A Look at Arkansas Motorcycle Law


With the recent drop in temperatures and the first official day of fall just two weeks away,  it's motorcycle season in Arkansas.  Bikes Blues and BBQ, a local favorite in Fayetteville, will bring hundreds of thousands of bikers to the state this month.  This massive influx of bikers is great for the local economy but it also comes with some hazards. 


MOTORCYCLE SAFETY REGULATIONS:

Many of the bikers traveling in Arkansas this fall will pass through several states and the laws in each state regarding motorcyclists are different.  In Arkansas, motorcyclists under the age of 21 must wear a helmet.  Additionally, passengers must be at least 8 years old and your motorcycle needs to have a passenger seat.   To be certain your motorcycle has the required safety features to be compliant with Arkansas law, check Arkansas Code Annotated Section 27-20-104 for a good overview.   

Final note for interstate motorcycle tourists:  Missouri did attempt to pass a law removing the state's motorcycle helmet requirement but the bill has stalled for now and so Missouri law still requires bikers to have a helmet.  


PERSONAL INJURY LAW AND MOTORCYCLING:

The increase in motorcycle traffic this month will likely mean an increase in motorcycle accidents as well.  Injuries resulting from motorcycle accidents are often severe, especially when the rider is not wearing proper safety gear.  So, the medical expenses and claims to insurance providers can be quite high.  In fact, brain injuries, common in motorcycle accidents, cost about 13 times more than an accidents not resulting in brain trauma.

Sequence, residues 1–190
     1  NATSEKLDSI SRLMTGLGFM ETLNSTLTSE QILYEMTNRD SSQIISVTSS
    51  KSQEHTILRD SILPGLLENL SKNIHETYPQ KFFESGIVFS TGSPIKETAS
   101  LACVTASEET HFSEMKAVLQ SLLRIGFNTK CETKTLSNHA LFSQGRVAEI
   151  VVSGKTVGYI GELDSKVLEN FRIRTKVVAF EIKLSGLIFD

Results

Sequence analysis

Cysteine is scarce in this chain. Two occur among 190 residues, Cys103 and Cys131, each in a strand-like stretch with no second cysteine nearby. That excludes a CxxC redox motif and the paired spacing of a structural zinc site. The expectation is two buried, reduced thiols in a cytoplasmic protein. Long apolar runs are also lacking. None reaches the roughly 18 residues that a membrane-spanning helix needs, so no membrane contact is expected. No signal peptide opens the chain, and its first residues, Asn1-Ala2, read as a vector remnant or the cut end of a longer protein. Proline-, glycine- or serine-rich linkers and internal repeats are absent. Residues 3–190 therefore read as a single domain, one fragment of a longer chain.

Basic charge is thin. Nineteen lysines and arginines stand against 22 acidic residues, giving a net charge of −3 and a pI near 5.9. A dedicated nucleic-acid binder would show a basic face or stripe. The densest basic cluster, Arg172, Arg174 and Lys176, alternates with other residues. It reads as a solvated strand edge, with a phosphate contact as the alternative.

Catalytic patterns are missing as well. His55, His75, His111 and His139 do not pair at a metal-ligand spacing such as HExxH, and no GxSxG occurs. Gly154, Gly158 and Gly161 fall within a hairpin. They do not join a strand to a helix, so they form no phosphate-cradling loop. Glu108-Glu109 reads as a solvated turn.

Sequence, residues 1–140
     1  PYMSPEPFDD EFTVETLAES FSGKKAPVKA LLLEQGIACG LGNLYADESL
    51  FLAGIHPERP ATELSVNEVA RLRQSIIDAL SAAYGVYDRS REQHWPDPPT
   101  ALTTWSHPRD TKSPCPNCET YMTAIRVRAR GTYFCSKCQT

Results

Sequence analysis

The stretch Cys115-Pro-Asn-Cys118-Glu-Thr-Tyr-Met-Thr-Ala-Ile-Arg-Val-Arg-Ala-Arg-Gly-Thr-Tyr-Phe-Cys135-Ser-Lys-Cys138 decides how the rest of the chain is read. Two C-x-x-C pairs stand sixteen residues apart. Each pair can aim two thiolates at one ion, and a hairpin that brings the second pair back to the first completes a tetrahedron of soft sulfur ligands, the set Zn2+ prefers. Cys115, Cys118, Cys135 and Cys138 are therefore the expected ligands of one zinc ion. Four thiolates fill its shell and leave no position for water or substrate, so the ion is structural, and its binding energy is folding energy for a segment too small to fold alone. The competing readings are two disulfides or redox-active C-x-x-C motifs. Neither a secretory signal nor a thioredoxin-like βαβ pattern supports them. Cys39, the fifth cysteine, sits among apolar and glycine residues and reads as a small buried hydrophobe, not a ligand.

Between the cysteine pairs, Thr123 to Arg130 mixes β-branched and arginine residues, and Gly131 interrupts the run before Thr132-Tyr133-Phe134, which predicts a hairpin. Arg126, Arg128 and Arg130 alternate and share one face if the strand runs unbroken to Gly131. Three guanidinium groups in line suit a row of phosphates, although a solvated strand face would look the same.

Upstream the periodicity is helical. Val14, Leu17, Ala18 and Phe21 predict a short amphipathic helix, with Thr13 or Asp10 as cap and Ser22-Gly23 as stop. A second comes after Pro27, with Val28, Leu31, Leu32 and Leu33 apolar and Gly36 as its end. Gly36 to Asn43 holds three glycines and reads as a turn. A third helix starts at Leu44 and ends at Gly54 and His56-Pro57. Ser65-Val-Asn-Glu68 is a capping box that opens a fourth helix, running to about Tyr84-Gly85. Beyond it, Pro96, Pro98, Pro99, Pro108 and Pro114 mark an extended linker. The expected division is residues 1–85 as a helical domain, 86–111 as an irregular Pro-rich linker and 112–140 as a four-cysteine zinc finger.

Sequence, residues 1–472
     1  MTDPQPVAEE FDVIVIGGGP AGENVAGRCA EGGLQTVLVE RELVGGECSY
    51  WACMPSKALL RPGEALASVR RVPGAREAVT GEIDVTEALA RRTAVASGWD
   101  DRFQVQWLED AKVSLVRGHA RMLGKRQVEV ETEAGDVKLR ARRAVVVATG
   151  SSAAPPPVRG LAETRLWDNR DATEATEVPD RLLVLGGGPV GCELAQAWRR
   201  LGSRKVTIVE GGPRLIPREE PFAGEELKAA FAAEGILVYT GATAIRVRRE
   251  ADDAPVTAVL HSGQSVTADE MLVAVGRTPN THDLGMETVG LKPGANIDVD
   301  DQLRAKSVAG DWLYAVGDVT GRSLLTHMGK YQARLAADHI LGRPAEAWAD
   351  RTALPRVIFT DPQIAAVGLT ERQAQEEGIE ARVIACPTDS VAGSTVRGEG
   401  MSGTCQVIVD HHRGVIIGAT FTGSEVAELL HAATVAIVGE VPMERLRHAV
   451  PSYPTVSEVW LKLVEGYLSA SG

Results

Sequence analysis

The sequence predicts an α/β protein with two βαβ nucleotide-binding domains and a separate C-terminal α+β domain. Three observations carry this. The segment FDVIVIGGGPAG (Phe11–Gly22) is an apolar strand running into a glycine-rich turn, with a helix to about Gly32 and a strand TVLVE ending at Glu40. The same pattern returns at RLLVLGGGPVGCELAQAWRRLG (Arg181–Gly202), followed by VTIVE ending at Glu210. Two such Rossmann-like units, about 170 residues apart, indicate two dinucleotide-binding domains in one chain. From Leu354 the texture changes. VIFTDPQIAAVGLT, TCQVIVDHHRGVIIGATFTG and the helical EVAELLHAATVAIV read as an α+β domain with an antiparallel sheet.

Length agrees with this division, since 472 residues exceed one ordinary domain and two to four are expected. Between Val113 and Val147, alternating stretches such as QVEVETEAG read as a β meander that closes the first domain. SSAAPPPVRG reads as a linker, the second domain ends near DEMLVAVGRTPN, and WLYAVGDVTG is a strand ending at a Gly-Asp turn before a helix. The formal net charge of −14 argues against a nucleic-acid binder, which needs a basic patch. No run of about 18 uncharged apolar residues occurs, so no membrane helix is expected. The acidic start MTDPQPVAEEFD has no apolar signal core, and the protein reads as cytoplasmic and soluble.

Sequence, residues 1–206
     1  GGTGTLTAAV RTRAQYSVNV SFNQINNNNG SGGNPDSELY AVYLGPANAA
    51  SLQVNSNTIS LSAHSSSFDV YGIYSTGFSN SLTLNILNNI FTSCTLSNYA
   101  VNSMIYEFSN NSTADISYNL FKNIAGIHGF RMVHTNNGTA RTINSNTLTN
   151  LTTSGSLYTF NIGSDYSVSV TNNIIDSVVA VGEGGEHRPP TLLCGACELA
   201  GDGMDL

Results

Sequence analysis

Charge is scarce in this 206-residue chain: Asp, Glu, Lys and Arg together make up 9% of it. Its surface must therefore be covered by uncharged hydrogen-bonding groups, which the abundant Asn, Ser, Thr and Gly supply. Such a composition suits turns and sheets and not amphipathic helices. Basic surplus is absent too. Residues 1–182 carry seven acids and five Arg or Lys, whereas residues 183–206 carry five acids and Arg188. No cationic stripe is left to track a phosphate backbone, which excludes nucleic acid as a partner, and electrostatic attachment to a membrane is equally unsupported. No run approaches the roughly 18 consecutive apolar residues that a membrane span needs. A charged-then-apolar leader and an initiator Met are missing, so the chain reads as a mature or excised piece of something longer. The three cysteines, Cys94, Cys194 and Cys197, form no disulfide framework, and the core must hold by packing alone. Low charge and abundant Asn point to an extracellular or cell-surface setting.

Not to mention, insurance companies may use the fact that a biker was not wearing a helmet as evidence that the biker contributed to the severity of their own injuries.  This argument could be used in an attempt to reduce or even eliminate your recovery if your case is not properly presented.

Unfortunately, many riders may not have sufficient insurance coverage to pay for these injuries.  The Arkansas state minimum coverage for motorcycles is $25,000 per person for bodily injury, $50,000 per accident, and $25,000 to cover property damage.  Given the relatively low cost of many motorcycles, and the view that a motorcycle is less likely to do large amount of damage to the car a biker hits, many motorcyclists might feel this coverage is sufficient.  However, even if the personal property damage was sufficient (debatable), the $25,000 in bodily injury coverage may not be enough.

To avoid paying medical bills and expenses out of pocket, make sure you have sufficient bodily injury coverage for your motorcycle.  If you or someone you know is injured in an accident, you may need to hire an attorney to help you negotiate with the insurance company and medical providers regarding coverage and your bills.  Attorneys at the Joyce Law Firm are experienced in accident and injury law and are available to consult with you about your claims.  Call the Joyce Law Firm today at 479-442-5577.  








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